# Problem with | operator in pattern matching

My first question here as I only got into Mathematica programming recently. Basically I have a large symbolic algebraic expression where I know certain variables with head pε appear with degree 2 in each term. So the terms look like this:

(...) pε[i, j] pε[k, l] + (...) pε[m ,n] pε[p, q] + ...


I want to pick out which of these appear in my expression, and I figured out this would do the trick

(Reap[expr /. patt : (x_pe y_pe | _pe _pe) :> Sow[patt] ;][[2,1]]) // DeleteDuplicates


which gives:

{pe[4, 6]^2, pe[3, 6]^2, pe[2, 6]^2, pe[5, 6]^2, pe[3, 6] pe[4, 6], pe[3, 6] pe[5, 6], pe[4, 6] pe[5, 6]}

This however is missing terms because, when I ran two sets of pattern matches without |, I get more terms

(Reap[expr /. patt : x_pe y_pe :> Sow[patt] ;
expr /. patt : _pe _pe :> Sow[patt] ;][[2,1]]) // DeleteDuplicates


{pe[3, 6] pe[4, 6], pe[2, 6] pe[4, 6], pe[2, 6] pe[3, 6], pe[3, 6] pe[5, 6], pe[4, 6] pe[5, 6], pe[2, 6] pe[5, 6], pe[4, 6]^2, pe[3, 6]^2, pe[2, 6]^2, pe[5, 6]^2}

So I would like to know what's going on. In particular I imagine the first would be a lot more efficient if it worked properly.

Also feel free to give alternative ways of doing this. My choice of using Reap, Sow was one of efficiency but my of knowledge of the language is still small.

### Edit

Based on the example given by @Federico I have constructed a small analogue where the difficulties are manifest, I use Cases because it's conceptually clearer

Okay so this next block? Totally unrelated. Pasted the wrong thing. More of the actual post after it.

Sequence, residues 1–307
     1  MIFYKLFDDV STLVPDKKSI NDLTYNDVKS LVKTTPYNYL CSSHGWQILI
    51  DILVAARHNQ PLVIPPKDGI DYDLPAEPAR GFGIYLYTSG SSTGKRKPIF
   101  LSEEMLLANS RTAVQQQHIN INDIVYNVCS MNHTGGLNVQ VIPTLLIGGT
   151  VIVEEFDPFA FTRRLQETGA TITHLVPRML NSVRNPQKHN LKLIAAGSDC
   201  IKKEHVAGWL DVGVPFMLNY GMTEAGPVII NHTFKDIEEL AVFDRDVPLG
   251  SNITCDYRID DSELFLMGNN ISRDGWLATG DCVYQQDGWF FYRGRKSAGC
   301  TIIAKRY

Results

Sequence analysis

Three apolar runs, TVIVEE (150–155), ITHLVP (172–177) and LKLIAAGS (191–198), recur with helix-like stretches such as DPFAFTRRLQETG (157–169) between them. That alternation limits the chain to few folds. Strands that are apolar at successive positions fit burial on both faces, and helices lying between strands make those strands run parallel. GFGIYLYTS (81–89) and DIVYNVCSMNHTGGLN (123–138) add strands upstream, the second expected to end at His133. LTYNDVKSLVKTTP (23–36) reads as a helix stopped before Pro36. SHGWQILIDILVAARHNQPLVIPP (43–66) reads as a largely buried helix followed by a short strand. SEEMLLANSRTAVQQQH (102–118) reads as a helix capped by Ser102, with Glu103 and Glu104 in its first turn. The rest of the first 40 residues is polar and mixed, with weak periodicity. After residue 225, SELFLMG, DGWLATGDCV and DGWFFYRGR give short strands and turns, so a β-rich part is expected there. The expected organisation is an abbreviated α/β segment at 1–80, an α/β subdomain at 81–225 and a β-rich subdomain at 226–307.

sum = Sum[pe[i, j] l[i, j] pe[j, k], {i, 3}, {j, 3}, {k, 3}]


whose output is:

l[1, 1] pe[1, 1]^2 + l[1, 1] pe[1, 1] pe[1, 2] + l[1, 1] pe[1, 1] pe[1, 3] + l[2, 1] pe[1, 1] pe[2, 1] + l[1, 2] pe[1, 2] pe[2, 1] + l[2, 1] pe[1, 2] pe[2, 1] + l[2, 1] pe[1, 3] pe[2, 1] + l[1, 2] pe[1, 2] pe[2, 2] + l[2, 2] pe[2, 1] pe[2, 2] + l[2, 2] pe[2, 2]^2 + l[1, 2] pe[1, 2] pe[2, 3] + l[2, 2] pe[2, 2] pe[2, 3] + l[3, 1] pe[1, 1] pe[3, 1] + l[3, 1] pe[1, 2] pe[3, 1] + l[1, 3] pe[1, 3] pe[3, 1] + l[3, 1] pe[1, 3] pe[3, 1] + l[2, 3] pe[2, 3] pe[3, 1] + l[1, 3] pe[1, 3] pe[3, 2] + l[3, 2] pe[2, 1] pe[3, 2] + l[3, 2] pe[2, 2] pe[3, 2] + l[2, 3] pe[2, 3] pe[3, 2] + l[3, 2] pe[2, 3] pe[3, 2] + l[1, 3] pe[1, 3] pe[3, 3] + l[2, 3] pe[2, 3] pe[3, 3] + l[3, 3] pe[3, 1] pe[3, 3] + l[3, 3] pe[3, 2] pe[3, 3] + l[3, 3] pe[3, 3]^2

So there are two types of terms those that contain pe squared and those that don't. Those that do are captured by

Cases[sum, _pe^2, Infinity]


those that don't require

Cases[sum, _ x_pe y_pe -> x y, Infinity]


So the question now is why does the following also work for the case with no pe squared?

(Reap[sum /. patt : (x_pe y_pe) :> Sow[patt]; ][[2,1]])


And a followup question, how would one capture the squared terms if Mathematica didn't collect them in a square? For example, if I had pe[1, 1]l[1, 1] pe[1, 1] can I construct a pattern to capture this? Or will it never happen due to Times having the Orderless attribute? I am thinking of a situation where l[1,1] is very large and Mathematica doeesn't order it.

Another question is can I combine both pattern matching cases in one with the use of |, and, if so, would that be more efficient?

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Please include your expr in the question. – Mr.Wizard Mar 27 '13 at 4:43

sum = Sum[pe[i, j] pe[j, k], {i, 3}, {j, 3}, {k, 3}]

Note that patterns are first evaluated, so, if you omit HoldPattern, _pe*_pe | _pe^2 becomes _pe^2 | _pe^2, which is not what you want.